Negotiations on a second stimulus check are well underway in Washington. And with Senate Republicans introducing their own stimulus bill as an alternative to the HEROES Act that the Democrat-controlled House passed, the likelihood is better than ever that Americans will see more coronavirus money arriving soon.
But nothing in Washington is a done deal until a bill is signed into law, and there are plenty of points of contention between Republicans and Democrats. Despite the challenges, however, the possibility is good that another bill will actually pass before July 31 to provide more pandemic relief.
Lawmakers can't just let expanded jobless benefits expire
Although the Senate doesn't go on recess again until Aug. 8 (so lawmakers theoretically have a little more time to act), there's a looming deadline this week: the end of expanded unemployment benefits.
The last coronavirus relief bill provided an extra $600 in weekly benefits for the millions of workers left unemployed by stay-at-home orders and business closures. This extra money is a lifeline with close to half the population without jobs and the average unemployment benefit providing around one-third of pre-pandemic income without the boost.
If lawmakers let expanded unemployment benefits expire without acting, millions of workers will see a huge drop in their take-home pay. And with more than half of all Americans saying they live paycheck to paycheck, life would get pretty rough. Unfortunately, a sudden drop in benefits could mean an inability to pay rent or make mortgage payments, much less to go out and spend money at businesses still open.
Unless lawmakers want to add foreclosure and eviction crises to the list of economic woes the country is facing, they simply aren't going to let these benefits expire without doing something to shore them up (although it's unlikely the full $600 in benefits will be extended, as the GOP is proposing less relief to avoid discouraging a return to work).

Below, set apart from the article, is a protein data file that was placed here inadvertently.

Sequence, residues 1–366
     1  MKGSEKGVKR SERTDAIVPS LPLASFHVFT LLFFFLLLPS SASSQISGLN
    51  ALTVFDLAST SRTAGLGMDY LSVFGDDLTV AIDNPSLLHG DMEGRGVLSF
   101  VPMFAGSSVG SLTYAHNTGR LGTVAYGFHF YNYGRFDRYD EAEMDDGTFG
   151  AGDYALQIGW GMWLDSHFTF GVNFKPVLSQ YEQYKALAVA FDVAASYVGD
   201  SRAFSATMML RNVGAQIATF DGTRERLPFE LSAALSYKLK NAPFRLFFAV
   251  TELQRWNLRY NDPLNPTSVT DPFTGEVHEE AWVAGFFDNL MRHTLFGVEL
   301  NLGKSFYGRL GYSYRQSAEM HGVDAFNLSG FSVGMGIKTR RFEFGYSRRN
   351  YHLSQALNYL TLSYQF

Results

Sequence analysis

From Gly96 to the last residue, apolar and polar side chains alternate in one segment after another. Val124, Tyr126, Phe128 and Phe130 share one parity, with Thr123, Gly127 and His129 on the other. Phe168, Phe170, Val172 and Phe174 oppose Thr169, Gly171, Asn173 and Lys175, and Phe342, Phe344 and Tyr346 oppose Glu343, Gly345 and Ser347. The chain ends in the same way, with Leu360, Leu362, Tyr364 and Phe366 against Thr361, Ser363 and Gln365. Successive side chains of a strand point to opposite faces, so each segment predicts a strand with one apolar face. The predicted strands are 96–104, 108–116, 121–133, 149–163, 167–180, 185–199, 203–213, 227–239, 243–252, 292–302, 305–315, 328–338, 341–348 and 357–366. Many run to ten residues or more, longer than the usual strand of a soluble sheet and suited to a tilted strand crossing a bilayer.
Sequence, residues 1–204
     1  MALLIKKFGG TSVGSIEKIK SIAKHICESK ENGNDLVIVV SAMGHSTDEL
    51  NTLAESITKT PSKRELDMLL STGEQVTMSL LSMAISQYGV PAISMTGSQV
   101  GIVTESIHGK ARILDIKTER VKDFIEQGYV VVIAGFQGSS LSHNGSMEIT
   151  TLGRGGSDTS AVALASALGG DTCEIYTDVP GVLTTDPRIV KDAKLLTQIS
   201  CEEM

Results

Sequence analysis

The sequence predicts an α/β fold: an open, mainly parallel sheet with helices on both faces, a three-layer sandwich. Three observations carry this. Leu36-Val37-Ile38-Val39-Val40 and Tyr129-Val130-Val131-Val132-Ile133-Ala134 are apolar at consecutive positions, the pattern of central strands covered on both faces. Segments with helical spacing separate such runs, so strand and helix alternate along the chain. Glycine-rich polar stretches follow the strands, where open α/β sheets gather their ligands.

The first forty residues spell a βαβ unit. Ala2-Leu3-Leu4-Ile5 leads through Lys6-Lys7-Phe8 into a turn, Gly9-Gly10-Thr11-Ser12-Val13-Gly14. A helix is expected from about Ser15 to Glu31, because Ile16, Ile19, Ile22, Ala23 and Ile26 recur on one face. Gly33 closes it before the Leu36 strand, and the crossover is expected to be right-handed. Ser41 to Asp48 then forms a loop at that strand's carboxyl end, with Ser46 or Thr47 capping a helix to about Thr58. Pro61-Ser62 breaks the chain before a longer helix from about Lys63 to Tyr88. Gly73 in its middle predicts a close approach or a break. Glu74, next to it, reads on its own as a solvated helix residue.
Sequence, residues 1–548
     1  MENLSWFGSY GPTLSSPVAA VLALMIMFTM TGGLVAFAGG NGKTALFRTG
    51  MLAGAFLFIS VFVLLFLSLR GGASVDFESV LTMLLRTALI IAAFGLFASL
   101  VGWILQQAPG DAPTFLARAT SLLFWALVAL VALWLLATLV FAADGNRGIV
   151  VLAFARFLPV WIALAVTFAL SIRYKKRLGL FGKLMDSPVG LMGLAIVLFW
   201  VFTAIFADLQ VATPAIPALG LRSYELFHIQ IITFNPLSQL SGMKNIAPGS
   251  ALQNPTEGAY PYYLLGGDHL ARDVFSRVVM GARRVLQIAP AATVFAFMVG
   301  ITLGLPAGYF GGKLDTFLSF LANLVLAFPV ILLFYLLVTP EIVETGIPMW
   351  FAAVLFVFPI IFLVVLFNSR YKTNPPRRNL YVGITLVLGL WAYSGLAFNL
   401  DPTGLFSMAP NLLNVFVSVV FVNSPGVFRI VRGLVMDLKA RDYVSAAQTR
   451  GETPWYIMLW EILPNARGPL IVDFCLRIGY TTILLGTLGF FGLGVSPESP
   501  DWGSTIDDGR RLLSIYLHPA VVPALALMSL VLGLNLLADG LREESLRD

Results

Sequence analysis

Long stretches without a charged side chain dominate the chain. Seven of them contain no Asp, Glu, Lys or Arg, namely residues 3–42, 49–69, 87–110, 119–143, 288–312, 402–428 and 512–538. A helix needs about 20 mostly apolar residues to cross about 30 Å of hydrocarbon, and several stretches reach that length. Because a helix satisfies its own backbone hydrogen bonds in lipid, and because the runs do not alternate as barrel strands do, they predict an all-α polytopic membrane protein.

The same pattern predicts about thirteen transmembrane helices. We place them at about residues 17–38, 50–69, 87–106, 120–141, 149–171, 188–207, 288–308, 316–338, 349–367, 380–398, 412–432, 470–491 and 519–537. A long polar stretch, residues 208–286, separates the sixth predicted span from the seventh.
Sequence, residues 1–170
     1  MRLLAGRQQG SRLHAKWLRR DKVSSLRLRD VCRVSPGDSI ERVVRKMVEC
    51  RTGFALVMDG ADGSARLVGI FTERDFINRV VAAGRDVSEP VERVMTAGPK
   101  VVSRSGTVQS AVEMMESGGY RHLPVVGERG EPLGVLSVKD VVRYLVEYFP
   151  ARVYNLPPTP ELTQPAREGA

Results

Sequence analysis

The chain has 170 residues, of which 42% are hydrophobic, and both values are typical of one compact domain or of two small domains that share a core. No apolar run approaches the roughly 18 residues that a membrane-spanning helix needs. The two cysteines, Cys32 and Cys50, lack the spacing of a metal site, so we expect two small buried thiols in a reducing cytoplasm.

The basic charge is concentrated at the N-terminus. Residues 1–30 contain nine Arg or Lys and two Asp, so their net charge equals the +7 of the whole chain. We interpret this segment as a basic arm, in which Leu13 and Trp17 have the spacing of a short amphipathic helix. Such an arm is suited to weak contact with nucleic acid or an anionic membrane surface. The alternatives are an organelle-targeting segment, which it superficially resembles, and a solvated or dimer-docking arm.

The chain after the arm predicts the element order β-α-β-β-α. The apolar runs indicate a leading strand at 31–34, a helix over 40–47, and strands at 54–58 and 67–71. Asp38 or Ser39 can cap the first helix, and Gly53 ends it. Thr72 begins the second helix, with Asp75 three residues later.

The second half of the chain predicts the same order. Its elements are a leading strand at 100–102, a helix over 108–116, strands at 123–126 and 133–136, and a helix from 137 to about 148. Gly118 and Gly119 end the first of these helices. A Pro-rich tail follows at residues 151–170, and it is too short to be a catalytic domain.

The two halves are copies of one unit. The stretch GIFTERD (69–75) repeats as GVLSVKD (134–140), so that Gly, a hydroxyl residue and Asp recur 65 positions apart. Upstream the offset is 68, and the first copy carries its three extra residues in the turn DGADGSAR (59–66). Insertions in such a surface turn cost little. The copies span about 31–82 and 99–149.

And while it's possible Congress could miss the July 31 deadline and still pass a bill later that retroactively helps the unemployed, this type of uncertainty isn't good for the economy or the stock market. People may miss bills in the meantime, and individuals and businesses will have no way of knowing if Washington will come through for them.
To avoid the consequences that could result, there's strong incentive for lawmakers to pass something before Friday. And with leaders on both the right and left actually in agreement that a second stimulus check is needed, it's almost certain to be included in any bill that passes.
Will you see more stimulus money?
Still, there are no guarantees of a second stimulus payment or what the earnings limits will be, so don't count on it until a bill has passed. Instead, make other plans if you need more cash coming in. If you haven't yet received your 2019 tax refund, hopefully that will help. There are also some other sources of aid available, including the Supplemental Nutrition Assistance Program (SNAP), and some states are providing additional relief.
Ultimately, though, you only have control over your own money, not what lawmakers do. Limiting spending to essentials, bulking up your emergency fund, and reviewing your investment strategy are the three best options under the circumstances.